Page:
The hype train is gaining steam for the Cleveland Browns.
After a 2020 season that saw the Browns make the playoffs for the first time since 2002 and win a road playoff game for the first time since 1969, and an offseason where general manager Andrew Berry rebuilt the defense and brought back every important player on offense, the Browns are poised to be legitimate contenders for the Super Bowl.
The overall quality of the roster is why Marc Ross at NFL.com placed the Browns at the top of his rankings of the team’s with the most complete rosters in the league heading into 2021:
The Browns have been building a respectable roster for several years now. But heading into the 2021 season, they aren’t just good — they’re loaded with Pro Bowl talent from top to bottom, featuring multiple high-level players at almost every position group. The offensive success no doubt stems from an O-line that returns all five starters from a unit that Pro Football Focus ranked first in pass blocking and second in run blocking in 2020. Cleveland’s offense also returns all of its star power — a quarterback in Baker Mayfield who made a big leap in Year 3 to help the Browns earn a playoff berth and first-round win, the league’s top running back duo in Nick Chubb and Kareem Hunt and a talented receiving corps that gets Odell Beckham Jr. back after an injury cut his 2020 short. This offense should be even better in Kevin Stefanski’s second season after having a full offseason to understand and expand the playbook.
Despite an All-Pro campaign from Myles Garrett, the defense had its struggles in 2020, but general manager Andrew Berry did a great job addressing those areas in free agency and the draft. The Garrett-led defensive front got a boost on the open market with the additions of Jadeveon Clowney, Takk McKinley and Malik Jackson. But the unit that should see the most improvement this fall is the secondary. Cleveland signed two key members of last year’s top-ranked Rams defense (S John Johnson and CB Troy Hill) and drafted CB Greg Newsome in the first round. Greedy Williams could also add depth with a healthy return from a shoulder injury that kept him out all of last season. Another big addition for the Browns this offseason: Jeremiah Owusu-Koramoah, a second-round linebacker most evaluators considered a first-round talent. JOK is a versatile player who could impact any defense immediately.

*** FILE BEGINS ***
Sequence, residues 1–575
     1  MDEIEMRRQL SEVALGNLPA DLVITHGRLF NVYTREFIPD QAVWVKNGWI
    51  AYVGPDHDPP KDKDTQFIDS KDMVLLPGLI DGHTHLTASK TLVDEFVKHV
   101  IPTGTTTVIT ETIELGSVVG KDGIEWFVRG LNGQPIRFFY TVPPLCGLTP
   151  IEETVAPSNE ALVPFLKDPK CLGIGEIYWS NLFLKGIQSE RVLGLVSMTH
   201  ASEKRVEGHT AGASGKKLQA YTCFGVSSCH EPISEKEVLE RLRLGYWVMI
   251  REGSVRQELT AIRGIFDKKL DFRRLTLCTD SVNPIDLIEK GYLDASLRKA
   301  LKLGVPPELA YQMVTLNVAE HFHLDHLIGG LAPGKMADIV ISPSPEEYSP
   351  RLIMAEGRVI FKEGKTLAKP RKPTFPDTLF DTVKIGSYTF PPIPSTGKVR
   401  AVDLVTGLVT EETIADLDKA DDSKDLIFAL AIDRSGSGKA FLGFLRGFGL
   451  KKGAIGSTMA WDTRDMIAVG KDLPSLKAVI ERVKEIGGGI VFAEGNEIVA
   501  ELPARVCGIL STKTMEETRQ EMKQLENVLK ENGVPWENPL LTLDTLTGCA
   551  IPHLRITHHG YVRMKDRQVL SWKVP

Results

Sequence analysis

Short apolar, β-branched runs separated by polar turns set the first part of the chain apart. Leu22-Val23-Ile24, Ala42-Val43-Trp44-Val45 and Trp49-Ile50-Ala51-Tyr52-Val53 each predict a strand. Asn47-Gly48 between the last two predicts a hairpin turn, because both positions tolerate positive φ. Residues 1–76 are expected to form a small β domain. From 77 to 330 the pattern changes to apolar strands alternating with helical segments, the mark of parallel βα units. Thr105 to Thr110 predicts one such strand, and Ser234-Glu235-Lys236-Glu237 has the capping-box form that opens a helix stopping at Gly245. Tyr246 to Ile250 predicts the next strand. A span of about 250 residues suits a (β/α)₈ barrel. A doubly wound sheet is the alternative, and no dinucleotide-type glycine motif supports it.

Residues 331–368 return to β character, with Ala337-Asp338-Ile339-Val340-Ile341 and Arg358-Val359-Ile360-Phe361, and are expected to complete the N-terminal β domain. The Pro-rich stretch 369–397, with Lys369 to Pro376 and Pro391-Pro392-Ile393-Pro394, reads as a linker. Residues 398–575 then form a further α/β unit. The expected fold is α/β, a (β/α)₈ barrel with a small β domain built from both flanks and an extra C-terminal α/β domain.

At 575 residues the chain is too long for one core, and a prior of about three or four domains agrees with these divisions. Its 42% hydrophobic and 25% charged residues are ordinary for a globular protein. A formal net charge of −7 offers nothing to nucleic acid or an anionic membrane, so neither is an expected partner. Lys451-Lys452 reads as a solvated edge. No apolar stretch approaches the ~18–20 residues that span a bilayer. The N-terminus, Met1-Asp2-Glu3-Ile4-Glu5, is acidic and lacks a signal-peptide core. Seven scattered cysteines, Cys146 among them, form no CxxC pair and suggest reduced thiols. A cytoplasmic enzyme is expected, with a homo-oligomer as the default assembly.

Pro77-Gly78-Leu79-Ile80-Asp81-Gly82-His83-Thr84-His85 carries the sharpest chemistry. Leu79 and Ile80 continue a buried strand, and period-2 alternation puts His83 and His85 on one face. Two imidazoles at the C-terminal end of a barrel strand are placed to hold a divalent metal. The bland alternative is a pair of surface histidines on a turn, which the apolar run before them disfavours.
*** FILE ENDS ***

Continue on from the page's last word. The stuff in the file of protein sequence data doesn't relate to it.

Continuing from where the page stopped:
Cleveland’s special teams unit was a liability at times last season. The return game was subpar, while Cody Parkey was solid but didn’t attempt a field goal of 50 yards or more. This entire unit should improve with the addition of several key players, including returner JoJo Natson. And now there’s a budding kicking competition between Parkey, who re-signed with the Browns on a one-year contract in March, and Chase McLaughlin.
Even with questions on special teams, these aren’t the same old Browns. Those days are over.
It was just two years ago that the Browns found themselves in a similar situation only to crumble under the weight of expectations.
That was a different team, however, one that had issues on the coaching staff, deficiencies at key positions along the offensive line, a front office that was not in tune with the rest of the organization, and an inability to overcome adversity.
Things are different now, with the coaching staff returning intact, an offensive line that is the league’s best, upgrades all across the defense, and a front office that has built perfect alignment across the organization.
Perhaps just as important, this version of the Browns showed the ability last season to work through just about everything that was thrown at them, from an offseason altered by COVID-19, struggles in the early part of the season, and losing players and coaches to COVID-19, nothing seemed to faze them.
Given everything they have gone through, a little bit of preseason hype - even when it inevitably goes over the top - is nothing they can’t handle.
Because as Ross pointed out, these are not the same old Browns.